Hurricane Season 2017:
Navy, Marine Corps provide relief to Caribbean, Gulf Coast
The months of August and September saw three catastrophic hurricanes carve paths of destruction throughout the Caribbean and U.S. Gulf Coast: Harvey, Irma and Maria.
First, Hurricane Harvey made landfall in Texas late on Aug. 25 as a category 4 hurricane with maximum sustained winds clocking in at 130 mph - the nation's first major hurricane landfall in 12 years. Harvey moved slowly across Texas into Louisiana from Aug. 26 to 30, dumping record amounts of rain - more than 50 inches in some areas - resulting in catastrophic flooding.
Texas military bases in the path of the storm, including Naval Air Station (NAS) Corpus Christi and NAS Kingsville, evacuated families and nonessential personnel out of harm's way.
The Navy quickly dispatched assets to the Texas coast including USS Kearsarge
(LHD 3), USS Oak Hill
(LSD 51), USNS John Lenthall
(T-AO 189) and USNS William McLean
(T-AKE 12). Helicopter squadrons were soon on the scene to conduct search and rescues including Helicopter Sea Combat Squadron (HSC)-7, HSC-21, HSC-23, HSC-28, Helicopter Mine Countermeasures Squadron (HM)-14, and HM-15.
As the Navy turned over relief efforts to local authorities, however, another storm was brewing off the coast of Africa. Hurricane Irma quickly formed into a monstrous category 5 storm with maximum sustained winds clocked at 185 mph and gusts upward of 200 mph, cutting a path of destruction across the U.S. and British Virgin Islands. Some islands were left nearly uninhabitable and more than 40 people died. Irma then slammed into the Florida Keys the morning of Sept. 10 as a category 4 and continued northeast, causing extreme flooding along in the Keys and the Jacksonville, Tampa and Miami areas.
Commanders ordered the evacuation of nonessential personnel and family members from several military bases in Irma's path, including Naval Air Station Key West, Florida, and the Atlantic Undersea Test and Evaluation Center on Andros Island, Bahamas. Navy Region Southeast authorized voluntary evacuations for personnel and families at Naval Support Activity Jacksonville and Naval Station Mayport, Florida.
In the meantime, Kearsarge, Oak Hill and William McLean were redirected from their deployment to Texas. They were joined in the Caribbean by many other ships, including USS Abraham Lincoln (CVN 72), USS Wasp (LHD 1), USS Iwo Jima (LHD 7), USS New York (LPD 21), USS San Jacinto (CG 56) and USS Farragut (DDG 99).
Kearsarge had been transporting Expeditionary Strike Group 2, Amphibious Squadron 6, the 26th Marine Expeditionary Unit, Tactical Air Control Squadron 22 and Fleet Surgical Team 4 to Texas. She brought with her their capabilities and some supplies, including baby food and formula, diapers, bedding, bottled water, coolers, batteries, towels, food and medical supplies.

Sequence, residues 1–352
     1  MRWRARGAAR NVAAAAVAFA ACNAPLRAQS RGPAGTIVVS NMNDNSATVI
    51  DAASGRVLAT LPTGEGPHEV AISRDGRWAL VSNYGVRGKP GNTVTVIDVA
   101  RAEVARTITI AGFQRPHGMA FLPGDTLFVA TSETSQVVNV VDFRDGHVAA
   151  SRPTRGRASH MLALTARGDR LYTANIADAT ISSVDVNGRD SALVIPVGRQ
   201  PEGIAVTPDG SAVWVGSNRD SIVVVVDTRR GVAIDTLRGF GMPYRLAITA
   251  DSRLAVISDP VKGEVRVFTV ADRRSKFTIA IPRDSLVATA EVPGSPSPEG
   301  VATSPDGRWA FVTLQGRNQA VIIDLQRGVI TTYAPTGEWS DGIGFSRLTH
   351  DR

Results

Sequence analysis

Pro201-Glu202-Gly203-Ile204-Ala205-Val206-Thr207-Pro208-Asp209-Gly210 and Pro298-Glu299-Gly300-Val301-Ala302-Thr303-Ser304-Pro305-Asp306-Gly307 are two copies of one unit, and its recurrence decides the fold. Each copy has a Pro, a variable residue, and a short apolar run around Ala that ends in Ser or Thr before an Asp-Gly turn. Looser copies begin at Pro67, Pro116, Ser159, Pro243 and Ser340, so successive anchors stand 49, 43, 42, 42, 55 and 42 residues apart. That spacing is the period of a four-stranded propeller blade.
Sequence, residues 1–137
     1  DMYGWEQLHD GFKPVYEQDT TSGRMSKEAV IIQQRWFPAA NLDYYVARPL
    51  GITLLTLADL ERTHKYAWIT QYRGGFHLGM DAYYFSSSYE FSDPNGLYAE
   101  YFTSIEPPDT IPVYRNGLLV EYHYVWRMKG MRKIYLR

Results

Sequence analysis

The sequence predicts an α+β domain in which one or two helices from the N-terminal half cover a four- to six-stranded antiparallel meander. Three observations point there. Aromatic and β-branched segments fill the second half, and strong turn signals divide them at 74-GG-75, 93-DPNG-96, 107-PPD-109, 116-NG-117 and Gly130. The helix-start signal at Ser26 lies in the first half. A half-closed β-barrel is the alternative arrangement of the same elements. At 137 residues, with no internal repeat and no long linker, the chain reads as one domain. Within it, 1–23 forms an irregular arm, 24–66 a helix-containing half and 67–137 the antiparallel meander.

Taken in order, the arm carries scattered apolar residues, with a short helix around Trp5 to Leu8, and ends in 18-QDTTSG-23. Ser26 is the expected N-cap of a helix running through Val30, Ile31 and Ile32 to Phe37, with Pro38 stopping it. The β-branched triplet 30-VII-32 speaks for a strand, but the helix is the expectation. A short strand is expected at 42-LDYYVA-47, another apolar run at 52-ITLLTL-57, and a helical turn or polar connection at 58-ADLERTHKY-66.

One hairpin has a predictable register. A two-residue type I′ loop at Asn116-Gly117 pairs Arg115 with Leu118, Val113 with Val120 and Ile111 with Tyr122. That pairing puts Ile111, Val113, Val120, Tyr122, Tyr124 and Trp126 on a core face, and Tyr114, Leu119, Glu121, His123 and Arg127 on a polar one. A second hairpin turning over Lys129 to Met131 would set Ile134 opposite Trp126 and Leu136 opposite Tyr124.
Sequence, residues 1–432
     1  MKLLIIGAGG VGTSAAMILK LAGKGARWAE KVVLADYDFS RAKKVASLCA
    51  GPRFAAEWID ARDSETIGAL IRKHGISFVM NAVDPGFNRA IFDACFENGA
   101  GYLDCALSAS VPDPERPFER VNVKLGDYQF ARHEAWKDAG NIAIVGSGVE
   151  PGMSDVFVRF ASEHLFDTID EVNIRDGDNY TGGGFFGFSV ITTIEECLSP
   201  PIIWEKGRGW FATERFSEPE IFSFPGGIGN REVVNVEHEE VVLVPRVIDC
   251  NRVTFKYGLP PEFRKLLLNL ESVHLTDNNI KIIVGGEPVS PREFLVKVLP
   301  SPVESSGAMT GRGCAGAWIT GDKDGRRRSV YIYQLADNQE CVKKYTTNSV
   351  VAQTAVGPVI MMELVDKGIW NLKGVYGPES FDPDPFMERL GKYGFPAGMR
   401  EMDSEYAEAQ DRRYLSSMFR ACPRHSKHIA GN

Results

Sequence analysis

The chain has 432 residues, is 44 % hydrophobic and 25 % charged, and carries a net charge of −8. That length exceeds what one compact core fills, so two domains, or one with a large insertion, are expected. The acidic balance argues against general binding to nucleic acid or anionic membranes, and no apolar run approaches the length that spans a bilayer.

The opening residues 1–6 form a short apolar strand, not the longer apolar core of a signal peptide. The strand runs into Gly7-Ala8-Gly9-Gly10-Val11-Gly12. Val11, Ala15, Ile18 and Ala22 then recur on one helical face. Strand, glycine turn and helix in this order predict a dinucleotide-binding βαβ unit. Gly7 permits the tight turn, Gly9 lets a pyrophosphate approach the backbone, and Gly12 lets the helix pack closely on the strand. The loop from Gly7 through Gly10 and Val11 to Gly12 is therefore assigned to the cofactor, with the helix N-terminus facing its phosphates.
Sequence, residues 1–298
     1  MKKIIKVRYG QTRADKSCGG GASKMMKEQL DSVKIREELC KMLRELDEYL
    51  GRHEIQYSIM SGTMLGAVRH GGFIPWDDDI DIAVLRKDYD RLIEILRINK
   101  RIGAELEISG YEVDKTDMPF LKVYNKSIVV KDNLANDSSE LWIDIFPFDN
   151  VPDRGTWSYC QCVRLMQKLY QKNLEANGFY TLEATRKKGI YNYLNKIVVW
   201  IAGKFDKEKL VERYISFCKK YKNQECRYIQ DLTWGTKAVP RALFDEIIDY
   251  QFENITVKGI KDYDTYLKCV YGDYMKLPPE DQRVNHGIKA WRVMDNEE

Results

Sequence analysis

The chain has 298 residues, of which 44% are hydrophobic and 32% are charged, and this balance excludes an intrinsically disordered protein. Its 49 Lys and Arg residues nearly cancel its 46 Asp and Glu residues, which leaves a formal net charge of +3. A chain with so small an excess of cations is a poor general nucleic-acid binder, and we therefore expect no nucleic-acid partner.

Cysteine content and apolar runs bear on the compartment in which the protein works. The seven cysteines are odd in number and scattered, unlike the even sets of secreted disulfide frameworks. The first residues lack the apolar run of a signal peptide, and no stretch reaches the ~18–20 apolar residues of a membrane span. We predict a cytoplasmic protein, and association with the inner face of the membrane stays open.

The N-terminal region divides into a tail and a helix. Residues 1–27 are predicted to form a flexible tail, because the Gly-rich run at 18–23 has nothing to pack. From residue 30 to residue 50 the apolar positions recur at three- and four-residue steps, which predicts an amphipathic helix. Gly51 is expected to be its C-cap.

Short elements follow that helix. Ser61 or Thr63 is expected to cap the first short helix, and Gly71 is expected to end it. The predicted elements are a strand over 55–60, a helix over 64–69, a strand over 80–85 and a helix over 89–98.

Wasp, the first Navy platform to arrive in the vicinity of the U.S. Virgin Islands, provided medium and heavy lift helicopters to transport people and supplies.
Sailors aboard Abraham Lincoln made fresh water to support Florida residents. The ship can make about 100,000 gallons of water a day. Her helicopters also flew supplies throughout south Florida, including NAS Key West and Homestead Air Reserve Base. Air crews conducted search and rescue missions and medical evacuations.
William McLean pumped fuel and delivered supplies to Navy units, ensuring they could continue relief efforts.
USNS Spearhead (T-EPF 1) later arrived in the Caribbean to support relief efforts on the devastated French-Dutch island of Saint Martin, providing bottles of water, Meals Ready to Eat (MREs), and fuel for reverse osmosis water purification systems.
Crews from the Iwo Jima and New York worked along the lower Keys, from Marathon to Key West, clearing debris; distributing food, water, tarps, and blankets; and repairing generators and critical infrastructure such as water-pumping stations.
"It was a blessing that my ship, USS Iwo Jima, was selected to come down and help out after Hurricane Irma hit Key West," said Aviation Ordnanceman 2nd Class Gabrielle Young. "It really means a lot to me to have been able to give back to the people and community that helped me as I was growing up in Key West."
The response to Irma had not yet concluded when another powerful category 5 storm, Hurricane Maria, made landfall on the Caribbean island of Dominica, Sept. 18 and moved on to Puerto Rico and the Dominican Republic. Navy and Marine Corps teams from USS Kearsarge and Naval Air Station Jacksonville, Florida, are currently conducting search and rescue and damage assessment flights as disaster relief efforts continue across the region.
Editor's note: The information in this article is from Navy.mil and Defense.gov.